General Motors (GM 0.06%) said it sold 1,774 Chevrolet Bolt EVs in the United States in March. That was an 81% increase over the Bolt's sales total last March, but it's still well below the sales levels posted by the Bolt in the last few months of 2017.

It was still enough to keep the Bolt's sales ahead of all other non-Tesla (TSLA 0.39%) battery-electric vehicles in the United States for the month. But more competition is coming, and GM may need to raise its battery-powered game soon.

A 2018 Chevrolet Bolt EV parked on a beach.

The Chevrolet Bolt EV. Image source: General Motors.

How the Bolt's sales totals compare with its rivals'

After a big drop from December to January, the Bolt's U.S. sales have resumed their upward march.

A bar chart showing Bolt sales in every month since its US launch. Sales rose steadily from early 2017 through the end of the year, dropped sharply from December 2017 to January 2018, and have risen steadily since.

Data source: General Motors. Chart shows U.S. sales of the Chevrolet Bolt EV in every month since its launch in December of 2016.

Longtime Tesla-watchers know that the company's deliveries tend to spike, often dramatically, in the last few weeks of a quarter. We saw that in December, and it happened again last month: According to U.S. sales estimates from InsideEVs, all three Teslas, including the new Model 3, outsold the Bolt for the month.

But the Bolt still managed to outpace Nissan'sLeaf, along with all of the other battery-electric vehicles sold in the United States right now.

Vehicle March 2018 Sales 2018 Year-to-Date Sales
Tesla Model 3 3,820 8,180
Tesla Model S 3,375 5,300
Tesla Model X 2,825 4,500
Chevrolet Bolt EV 1,774 4,375
Nissan LEAF 1,500 2,545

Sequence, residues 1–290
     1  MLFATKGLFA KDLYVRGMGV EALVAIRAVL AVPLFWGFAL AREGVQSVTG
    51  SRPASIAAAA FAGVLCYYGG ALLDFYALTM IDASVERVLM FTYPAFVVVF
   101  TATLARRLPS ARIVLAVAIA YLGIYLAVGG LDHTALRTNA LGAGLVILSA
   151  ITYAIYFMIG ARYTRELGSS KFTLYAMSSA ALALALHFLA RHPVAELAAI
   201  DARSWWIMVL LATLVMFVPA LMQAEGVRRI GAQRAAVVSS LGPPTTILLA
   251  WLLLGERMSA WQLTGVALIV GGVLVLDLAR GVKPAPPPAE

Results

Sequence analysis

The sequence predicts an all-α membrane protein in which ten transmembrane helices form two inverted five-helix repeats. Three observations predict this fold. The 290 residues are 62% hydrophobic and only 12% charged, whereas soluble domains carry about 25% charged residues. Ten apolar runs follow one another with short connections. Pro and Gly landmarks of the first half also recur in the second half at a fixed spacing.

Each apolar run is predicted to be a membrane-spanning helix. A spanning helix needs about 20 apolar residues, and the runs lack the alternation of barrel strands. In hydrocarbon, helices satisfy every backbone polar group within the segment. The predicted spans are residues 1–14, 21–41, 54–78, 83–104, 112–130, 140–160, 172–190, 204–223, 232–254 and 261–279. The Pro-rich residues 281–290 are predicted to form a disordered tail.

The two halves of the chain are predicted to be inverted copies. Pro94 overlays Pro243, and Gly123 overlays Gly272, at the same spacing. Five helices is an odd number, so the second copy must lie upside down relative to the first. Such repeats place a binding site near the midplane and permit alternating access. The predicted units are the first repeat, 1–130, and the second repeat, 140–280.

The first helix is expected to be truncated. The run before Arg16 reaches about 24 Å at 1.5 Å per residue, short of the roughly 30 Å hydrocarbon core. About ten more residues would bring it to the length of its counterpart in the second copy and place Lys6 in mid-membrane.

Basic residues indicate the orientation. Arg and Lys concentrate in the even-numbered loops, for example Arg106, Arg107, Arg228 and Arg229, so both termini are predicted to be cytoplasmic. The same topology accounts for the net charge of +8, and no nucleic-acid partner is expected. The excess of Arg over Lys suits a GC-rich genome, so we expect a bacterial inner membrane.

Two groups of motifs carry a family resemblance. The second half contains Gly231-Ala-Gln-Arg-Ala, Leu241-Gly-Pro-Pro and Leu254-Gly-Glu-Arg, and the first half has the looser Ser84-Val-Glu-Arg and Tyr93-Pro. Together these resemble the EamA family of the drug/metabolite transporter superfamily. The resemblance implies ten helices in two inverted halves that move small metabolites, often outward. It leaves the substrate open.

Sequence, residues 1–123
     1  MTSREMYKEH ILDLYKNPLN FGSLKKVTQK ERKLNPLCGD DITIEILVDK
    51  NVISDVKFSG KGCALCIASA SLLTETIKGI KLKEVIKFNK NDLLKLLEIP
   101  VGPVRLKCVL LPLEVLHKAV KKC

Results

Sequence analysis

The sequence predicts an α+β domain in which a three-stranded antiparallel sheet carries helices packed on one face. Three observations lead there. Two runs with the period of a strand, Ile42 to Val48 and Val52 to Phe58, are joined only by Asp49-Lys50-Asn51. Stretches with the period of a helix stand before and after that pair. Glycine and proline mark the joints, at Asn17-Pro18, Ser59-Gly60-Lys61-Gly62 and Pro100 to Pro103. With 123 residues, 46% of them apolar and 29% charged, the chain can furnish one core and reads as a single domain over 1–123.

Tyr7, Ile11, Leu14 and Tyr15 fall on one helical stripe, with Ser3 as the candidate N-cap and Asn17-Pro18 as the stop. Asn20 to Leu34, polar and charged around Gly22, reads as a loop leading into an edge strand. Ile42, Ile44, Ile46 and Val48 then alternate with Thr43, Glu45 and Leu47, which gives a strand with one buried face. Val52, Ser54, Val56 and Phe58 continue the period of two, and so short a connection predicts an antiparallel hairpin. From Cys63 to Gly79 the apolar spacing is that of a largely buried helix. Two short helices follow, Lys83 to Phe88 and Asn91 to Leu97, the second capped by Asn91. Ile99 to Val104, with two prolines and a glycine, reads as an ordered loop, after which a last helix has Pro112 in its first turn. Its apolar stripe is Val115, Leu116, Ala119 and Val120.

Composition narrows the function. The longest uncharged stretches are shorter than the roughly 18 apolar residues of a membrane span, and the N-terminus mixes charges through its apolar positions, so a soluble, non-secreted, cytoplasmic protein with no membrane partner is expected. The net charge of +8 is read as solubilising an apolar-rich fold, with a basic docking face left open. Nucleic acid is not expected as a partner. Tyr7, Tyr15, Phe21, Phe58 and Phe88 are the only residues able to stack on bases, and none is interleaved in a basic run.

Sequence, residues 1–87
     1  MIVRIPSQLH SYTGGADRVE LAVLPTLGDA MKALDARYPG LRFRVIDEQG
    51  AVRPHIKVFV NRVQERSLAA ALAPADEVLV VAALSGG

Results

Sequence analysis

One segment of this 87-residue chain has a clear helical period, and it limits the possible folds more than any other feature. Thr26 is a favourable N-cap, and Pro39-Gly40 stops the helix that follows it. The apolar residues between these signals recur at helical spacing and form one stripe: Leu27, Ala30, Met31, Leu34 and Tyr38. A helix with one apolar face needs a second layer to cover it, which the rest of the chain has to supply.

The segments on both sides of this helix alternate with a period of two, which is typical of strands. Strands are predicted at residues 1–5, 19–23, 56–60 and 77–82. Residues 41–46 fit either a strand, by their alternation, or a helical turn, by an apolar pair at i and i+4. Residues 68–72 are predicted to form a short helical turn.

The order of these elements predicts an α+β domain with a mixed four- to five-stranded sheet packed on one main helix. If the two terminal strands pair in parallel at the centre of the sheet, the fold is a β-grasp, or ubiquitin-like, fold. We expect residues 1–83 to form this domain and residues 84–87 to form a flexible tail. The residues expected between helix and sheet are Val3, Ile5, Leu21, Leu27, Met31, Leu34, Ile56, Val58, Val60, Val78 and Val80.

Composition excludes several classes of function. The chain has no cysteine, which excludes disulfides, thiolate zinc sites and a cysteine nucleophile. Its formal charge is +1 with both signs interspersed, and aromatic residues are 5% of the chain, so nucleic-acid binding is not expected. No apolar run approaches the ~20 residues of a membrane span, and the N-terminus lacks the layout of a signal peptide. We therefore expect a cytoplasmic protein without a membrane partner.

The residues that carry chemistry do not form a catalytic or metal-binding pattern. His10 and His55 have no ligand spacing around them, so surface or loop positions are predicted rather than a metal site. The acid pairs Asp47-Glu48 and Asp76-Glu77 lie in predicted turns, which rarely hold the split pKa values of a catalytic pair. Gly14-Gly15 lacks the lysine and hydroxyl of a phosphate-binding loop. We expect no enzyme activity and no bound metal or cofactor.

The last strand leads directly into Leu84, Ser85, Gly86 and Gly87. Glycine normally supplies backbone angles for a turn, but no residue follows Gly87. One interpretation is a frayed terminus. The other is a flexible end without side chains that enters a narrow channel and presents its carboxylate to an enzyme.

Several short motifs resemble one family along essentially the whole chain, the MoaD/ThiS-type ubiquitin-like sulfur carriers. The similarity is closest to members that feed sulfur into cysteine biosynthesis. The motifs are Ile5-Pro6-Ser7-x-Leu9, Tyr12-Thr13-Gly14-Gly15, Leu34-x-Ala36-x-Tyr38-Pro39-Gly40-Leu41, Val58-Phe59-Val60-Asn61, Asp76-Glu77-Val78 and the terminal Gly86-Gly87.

BMW i3 992 1,997
Fiat 500e 285 730
Honda Clarity BEV 169 476
Volkswagen e-Golf 164 540

Data sources: The automakers, InsideEVs. All numbers are U.S. sales only. Figures for Tesla and Fiat are InsideEV estimates. 

Will the Bolt's sales continue to climb from here?

It's hard to say. On one hand, GM has shown that it will use incentives to keep the Bolt's retail sales strong. It's also quite possible that GM will ramp up fleet sales of the Bolt as the year goes on -- after all, the Bolt was designed with ride-hailing and car-sharing duties in mind.

But on the other hand, competition is coming. Nissan is ramping up dealer inventories of the all-new and much-improved 2018 Leaf, which may already be stealing some sales from the Bolt. And Hyundai has an impressive-looking all-new battery-electric crossover, the Kona, headed to the U.S. later this year.

A gray 2019 Hyundai Kona Electric, a compact crossover SUV.

The all-new Hyundai Kona Electric will arrive in the U.S. in the fourth quarter. It has the potential to be a serious challenger to the Bolt. image source: Hyundai.

The Kona looks likely to give the Bolt a very serious challenge. Its 250-mile rated range is slightly better than the Bolt's, and it will be available with an upgraded interior that, frankly, puts the Bolt's taxicab-level trim to shame.

I've said for a while that an interior upgrade would probably give the Bolt a boost at retail. Don't be surprised if GM releases one, along with possibly a small range boost, just as the Kona begins arriving at U.S. dealers late this year.